In a bid to expand its presence in CNS to a wider range of neurodegenerative diseases following a substantial restructuring last month, Alkermes plc has moved to acquire privately held neuronal epigenetics specialist Rodin Therapeutics Inc. for $100 million up front and up to $850 million in clinical, regulatory and commercial milestones. Alkermes said it intends to advance IND-enabling activities for Rodin's lead preclinical assets, prioritizing those ahead of future clinical development of Rodin's initial clinical candidate, the histone deacetylase inhibitor (HDAC) RDN-929.
Alkermes shares (NASDAQ:ALKS) fell 4% to $20.16 on Monday, down from a 52-week high of $37.75, reflecting in part disappointment over its failure to secure approval for a major depressive disorder therapy and other challenges. The company's top products are its alcohol dependence drug, Vivitrol (naltrexone), and the schizophrenia drug Aristada (aripiprazole lauroxil).
Rodin's work has focused on selective inhibition of the HDAC?co-repressor of repressor element-1 silencing transcription factor (CoREST) complex. Since its co-founding by Atlas Venture and funding by Atlas and other high-profile VCs, it has sought to develop multiple programs, moving ahead after termination of a valuable deal with Biogen Inc. (See BioWorld, Sept. 19, 2017.)
Data from evaluations of Rodin's candidates in multiple preclinical models showed that inhibition of the HDAC-CoREST complex resulted in increased spine density and synaptic proteins, an important outcome supporting Alkermes' goals, which CEO Richard Pops said include "building on our broad experience in psychiatry."
There have been a lot of data demonstrating that lower neuronal density correlates with cognitive declines, Blair Jackson, Alkermes' senior vice president of corporate planning, told BioWorld. The theory is that "if you can increase your neuronal density, you can enhance potential cognitive outcomes. The same goes as you get into other areas, whether it's Huntington's disease or depression or a number of different neurodegenerative states," he said.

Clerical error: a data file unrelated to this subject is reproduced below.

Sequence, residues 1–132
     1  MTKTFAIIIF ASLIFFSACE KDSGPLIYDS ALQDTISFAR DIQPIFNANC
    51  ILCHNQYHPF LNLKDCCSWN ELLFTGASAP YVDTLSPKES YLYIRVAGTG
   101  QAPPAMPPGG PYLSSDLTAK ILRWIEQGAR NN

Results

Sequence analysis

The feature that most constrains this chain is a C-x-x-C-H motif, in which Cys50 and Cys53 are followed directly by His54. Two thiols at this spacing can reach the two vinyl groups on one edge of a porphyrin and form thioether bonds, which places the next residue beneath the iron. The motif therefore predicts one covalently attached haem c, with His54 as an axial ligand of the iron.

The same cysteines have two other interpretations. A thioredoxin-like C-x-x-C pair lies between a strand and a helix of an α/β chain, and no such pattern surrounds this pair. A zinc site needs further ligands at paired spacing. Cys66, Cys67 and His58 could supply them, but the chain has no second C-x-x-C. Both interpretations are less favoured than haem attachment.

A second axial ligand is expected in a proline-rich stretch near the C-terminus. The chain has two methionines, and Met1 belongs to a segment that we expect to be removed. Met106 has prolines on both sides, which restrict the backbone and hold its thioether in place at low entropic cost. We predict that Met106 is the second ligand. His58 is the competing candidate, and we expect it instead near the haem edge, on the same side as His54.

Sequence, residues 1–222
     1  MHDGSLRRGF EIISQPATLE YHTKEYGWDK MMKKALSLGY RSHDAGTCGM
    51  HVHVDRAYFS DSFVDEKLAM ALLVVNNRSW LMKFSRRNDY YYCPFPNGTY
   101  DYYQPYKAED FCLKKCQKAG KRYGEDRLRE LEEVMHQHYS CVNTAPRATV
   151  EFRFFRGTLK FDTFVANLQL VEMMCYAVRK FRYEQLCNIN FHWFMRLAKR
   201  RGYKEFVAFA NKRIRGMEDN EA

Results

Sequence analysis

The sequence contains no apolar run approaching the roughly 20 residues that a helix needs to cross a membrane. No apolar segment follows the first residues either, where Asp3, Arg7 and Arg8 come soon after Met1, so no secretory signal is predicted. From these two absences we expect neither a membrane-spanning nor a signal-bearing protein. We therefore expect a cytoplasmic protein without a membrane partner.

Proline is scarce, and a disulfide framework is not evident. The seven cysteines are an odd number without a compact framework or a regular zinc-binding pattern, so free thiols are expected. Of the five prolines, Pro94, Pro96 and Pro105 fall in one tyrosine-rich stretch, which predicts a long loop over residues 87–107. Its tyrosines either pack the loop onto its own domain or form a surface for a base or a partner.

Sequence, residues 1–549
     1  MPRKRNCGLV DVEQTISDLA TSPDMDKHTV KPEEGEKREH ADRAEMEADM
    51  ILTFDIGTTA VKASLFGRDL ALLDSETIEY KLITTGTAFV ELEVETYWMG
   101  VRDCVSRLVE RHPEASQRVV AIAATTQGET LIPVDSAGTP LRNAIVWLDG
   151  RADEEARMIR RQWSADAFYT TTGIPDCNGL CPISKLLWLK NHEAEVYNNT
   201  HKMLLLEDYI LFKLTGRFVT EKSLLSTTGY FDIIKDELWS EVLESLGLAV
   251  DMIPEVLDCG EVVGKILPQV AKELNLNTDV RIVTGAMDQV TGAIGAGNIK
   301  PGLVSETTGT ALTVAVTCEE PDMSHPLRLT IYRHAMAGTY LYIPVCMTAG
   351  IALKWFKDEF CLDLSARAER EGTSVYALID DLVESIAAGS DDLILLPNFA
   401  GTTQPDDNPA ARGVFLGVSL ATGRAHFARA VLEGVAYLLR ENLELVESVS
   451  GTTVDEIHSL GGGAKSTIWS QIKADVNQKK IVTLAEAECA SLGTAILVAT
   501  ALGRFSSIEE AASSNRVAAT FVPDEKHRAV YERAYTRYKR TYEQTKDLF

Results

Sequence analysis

Acquisition of Rodin by Alkermes, beyond the share movement, was mixed. SVB Leerink analyst Marc Goodman said it was good to see Alkermes "finally" using business development to improve its pipeline, while acknowledging the assets added were too early stage to value. "In Rodin's collection of finely tuned HDAC-targeting molecules, Alkermes would like to find the asset that minimizes the hematoxicity which has been observed in the current HDAC assets that are approved," he said.
Evercore ISI analyst Umer Raffat was concerned with more fundamental aspects of the deal, which he said raised "more questions than answers," especially in light of the relatively low up-front for a VC-backed company holding a phase Ib asset already tested in Alzheimer's disease.
Jackson, however, had a straightforward explanation for the deal. Discussions between the teams at Alkermes and Rodin, going back at least a couple years, revealed that they had "a really elegant solution" to addressing the neuronal density issue, Jackson said. Today, Rodin's chemistry and the biological understanding around it "has really reached a point where we can start to exploit it within the clinic," he said. "Biogen's loss is our gain."
Despite the ribbing, presumably Biogen and Alkermes retain strong ties, not least of all related to their joint development of the new multiple sclerosis therapy Vumerity (diroximel fumarate) and partnership around Ampyra (dalfampridine)/Fampyra (fampridine).
Alkermes said it plans to continue Rodin's preclinical research program focused on the subset of frontotemporal dementia patients with an inherited mutation of the progranulin gene called FTD-GRN, an indication already in the crosshairs of another Atlas-funded company, Arkuda Therapeutics. (See BioWorld, Nov. 8, 2019.)
Alkermes will also pursue exploratory work in hematological disorders and oncology, it said, noting that it would incur about $20 million of incremental R&D expenses in 2020 related to the advancement of Rodin's development candidates. Rodin has at least two preclinical molecules in its portfolio focused on sickle cell disease and at least another two oncology compounds designed to inhibit growth in neuroblastoma cell lines.